- Opera Software acknowledged that hackers stole from its internal systems at least one code-signing certificate that was used to sign malicious software. The Oslo-based company, which makes a mobile and desktop web browser, said it believes a few thousand Windows users may have automatically installed malicious software on June 19, the day the attack was detected and halted.

- South Korea suffered a volume of DDoS cyberattacks that coincided with the 63rd anniversary of the start of the Korean War. South Korean government websites were hit, which some security firms, including Symantec, traced to the DarkSeoul gang.

- In what we can easily call the biggest SNAFU for the first half of 2013, the super-secretive National Security Agency (NSA) found its spying methods on display as Edward Snowden, the former Booz Allen Hamilton contractor who worked at the NSA for three months, blabbed about its surveillance methods to the media. The world learned that not only does the NSA collect phone records from the U.S. telecom firms, it can get user data from Microsoft, Google, Yahoo, Facebook, PalTalk, YouTube, Skype, AOL and Apple, including e-mail, chat, video, photos, stored data, VoIP, file transfer and other material under what's called its PRISM program. The NSA's massive global surveillance effort is done with help from Great Britain's Menwith Hill facility as well as The Guardian's journalist Glenn Greenwald, a main contact for Snowden, described.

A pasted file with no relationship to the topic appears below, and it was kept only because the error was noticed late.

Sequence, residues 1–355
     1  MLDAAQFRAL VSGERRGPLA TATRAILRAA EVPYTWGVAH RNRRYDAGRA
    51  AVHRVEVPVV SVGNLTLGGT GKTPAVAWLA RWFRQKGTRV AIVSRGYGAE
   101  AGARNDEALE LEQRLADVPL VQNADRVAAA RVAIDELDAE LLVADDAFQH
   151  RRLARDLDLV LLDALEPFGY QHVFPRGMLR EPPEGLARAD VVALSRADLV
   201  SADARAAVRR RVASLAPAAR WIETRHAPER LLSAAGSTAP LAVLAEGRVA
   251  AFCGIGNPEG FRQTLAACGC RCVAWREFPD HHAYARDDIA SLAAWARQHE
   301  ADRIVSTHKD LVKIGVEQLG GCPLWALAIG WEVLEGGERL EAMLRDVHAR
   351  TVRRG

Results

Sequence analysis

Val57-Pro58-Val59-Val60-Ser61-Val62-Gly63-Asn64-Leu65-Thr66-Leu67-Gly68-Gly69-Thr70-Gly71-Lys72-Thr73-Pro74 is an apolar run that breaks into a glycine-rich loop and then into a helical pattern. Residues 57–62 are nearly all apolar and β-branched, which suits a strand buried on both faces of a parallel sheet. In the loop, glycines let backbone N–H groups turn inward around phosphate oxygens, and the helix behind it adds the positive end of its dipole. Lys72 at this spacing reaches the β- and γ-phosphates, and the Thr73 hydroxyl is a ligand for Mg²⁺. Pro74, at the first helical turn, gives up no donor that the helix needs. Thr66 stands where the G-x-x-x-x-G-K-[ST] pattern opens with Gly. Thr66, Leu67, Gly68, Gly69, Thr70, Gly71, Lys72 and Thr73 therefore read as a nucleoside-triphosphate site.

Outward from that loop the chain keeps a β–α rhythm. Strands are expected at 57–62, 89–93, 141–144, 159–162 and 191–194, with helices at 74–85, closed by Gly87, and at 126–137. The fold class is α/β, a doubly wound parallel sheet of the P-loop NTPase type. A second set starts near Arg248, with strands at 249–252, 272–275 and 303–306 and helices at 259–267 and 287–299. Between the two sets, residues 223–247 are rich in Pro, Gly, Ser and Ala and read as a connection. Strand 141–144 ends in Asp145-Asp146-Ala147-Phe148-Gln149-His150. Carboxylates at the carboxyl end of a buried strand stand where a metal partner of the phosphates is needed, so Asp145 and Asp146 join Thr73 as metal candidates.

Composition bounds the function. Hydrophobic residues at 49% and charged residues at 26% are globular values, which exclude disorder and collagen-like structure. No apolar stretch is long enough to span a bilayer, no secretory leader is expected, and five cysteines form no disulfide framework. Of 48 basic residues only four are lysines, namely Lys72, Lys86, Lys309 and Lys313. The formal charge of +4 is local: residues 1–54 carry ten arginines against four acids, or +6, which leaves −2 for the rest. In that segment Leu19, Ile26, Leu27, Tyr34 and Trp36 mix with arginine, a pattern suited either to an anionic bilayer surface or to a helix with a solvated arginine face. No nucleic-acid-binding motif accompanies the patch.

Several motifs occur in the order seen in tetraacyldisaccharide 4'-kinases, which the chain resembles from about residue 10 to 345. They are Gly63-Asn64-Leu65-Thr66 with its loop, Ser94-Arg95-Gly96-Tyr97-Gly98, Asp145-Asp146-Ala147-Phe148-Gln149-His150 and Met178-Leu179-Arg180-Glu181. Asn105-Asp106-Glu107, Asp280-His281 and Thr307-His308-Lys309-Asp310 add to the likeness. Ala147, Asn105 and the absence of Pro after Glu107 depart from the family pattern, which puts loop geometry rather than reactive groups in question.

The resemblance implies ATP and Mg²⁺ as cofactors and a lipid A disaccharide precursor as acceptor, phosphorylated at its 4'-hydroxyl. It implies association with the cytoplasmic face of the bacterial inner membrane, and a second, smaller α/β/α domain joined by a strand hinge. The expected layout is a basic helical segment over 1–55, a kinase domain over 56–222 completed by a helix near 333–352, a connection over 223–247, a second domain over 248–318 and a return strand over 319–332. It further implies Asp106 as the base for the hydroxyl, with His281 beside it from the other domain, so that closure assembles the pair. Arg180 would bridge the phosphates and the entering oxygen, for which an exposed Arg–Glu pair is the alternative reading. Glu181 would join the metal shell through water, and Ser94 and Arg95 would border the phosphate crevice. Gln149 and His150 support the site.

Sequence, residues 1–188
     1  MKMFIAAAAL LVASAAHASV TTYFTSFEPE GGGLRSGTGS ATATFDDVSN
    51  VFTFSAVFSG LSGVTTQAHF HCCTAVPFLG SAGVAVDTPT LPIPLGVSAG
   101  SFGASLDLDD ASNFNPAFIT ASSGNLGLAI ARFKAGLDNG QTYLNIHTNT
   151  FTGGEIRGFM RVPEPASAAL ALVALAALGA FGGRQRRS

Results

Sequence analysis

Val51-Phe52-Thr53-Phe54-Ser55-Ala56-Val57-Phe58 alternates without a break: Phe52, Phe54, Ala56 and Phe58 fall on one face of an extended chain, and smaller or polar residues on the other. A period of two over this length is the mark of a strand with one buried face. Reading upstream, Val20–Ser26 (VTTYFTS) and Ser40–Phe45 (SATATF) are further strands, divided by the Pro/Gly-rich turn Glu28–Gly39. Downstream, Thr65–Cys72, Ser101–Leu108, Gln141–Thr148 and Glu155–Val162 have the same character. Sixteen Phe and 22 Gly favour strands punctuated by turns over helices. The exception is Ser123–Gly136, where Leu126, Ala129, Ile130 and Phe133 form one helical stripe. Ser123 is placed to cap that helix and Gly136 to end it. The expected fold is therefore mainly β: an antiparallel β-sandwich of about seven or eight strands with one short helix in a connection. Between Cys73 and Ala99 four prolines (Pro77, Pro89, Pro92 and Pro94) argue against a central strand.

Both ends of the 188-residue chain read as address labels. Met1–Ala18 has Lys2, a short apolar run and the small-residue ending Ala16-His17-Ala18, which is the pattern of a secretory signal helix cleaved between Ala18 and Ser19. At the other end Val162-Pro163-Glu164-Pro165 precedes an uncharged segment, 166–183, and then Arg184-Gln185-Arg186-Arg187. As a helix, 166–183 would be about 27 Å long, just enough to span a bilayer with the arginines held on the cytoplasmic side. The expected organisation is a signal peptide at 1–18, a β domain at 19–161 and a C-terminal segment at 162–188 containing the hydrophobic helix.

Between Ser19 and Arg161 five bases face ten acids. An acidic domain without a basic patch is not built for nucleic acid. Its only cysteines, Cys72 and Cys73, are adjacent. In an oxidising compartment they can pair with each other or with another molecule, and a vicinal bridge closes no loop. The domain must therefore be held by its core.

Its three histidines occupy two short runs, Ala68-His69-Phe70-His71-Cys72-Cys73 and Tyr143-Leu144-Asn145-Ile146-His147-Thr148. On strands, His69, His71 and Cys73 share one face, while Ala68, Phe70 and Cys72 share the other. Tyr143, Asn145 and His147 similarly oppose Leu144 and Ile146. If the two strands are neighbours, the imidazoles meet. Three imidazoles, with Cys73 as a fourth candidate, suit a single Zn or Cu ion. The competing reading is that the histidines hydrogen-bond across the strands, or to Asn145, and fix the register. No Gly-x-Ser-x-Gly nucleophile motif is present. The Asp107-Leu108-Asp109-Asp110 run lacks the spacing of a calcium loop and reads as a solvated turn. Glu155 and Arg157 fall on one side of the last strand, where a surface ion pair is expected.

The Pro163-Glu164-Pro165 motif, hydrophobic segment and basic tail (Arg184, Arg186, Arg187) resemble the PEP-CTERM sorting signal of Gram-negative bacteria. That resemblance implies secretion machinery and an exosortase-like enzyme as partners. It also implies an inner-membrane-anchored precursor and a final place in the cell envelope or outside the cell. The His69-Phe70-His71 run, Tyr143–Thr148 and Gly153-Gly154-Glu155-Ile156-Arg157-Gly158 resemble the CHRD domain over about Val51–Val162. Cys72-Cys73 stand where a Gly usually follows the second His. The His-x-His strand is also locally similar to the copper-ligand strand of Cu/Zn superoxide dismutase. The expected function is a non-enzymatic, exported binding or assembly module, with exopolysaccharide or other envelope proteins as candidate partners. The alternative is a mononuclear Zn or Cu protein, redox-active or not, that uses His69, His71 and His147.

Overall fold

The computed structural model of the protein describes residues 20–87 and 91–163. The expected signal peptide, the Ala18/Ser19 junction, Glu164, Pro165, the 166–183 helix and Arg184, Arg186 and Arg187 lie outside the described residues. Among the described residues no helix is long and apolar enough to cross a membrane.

NSA director Gen. Keith Alexander had to go before Congress to defend the NSA's operations. The U.S. government is now in pursuit of the 29-year-old Snowden as a traitor. Snowden had earlier shown up in Hong Kong, saying he wanted to defend his actions in a court of law. But he has now been on the run, as WikiLeaks supporters helped him fly to Moscow, where he's holed up in an airport (his passport has been revoked) while negotiating asylum somewhere, perhaps Ecuador or Cuba. President Obama said he wouldn't engage in "wheeling, dealing and trading," or scrambling jets, to get Snowden extradited to the U.S., but he's concerned over what other classified information Snowden may still try to disseminate. Obama said the fact that Snowden had these documents revealed significant vulnerabilities at the NSA. Clearly, this story, worthy of a Cold War spy novel, is spilling over into the second half of 2013!

Ellen Messmer is senior editor at Network World, an IDG publication and website, where she covers news and technology trends related to information security. Twitter: MessmerE. E-mail: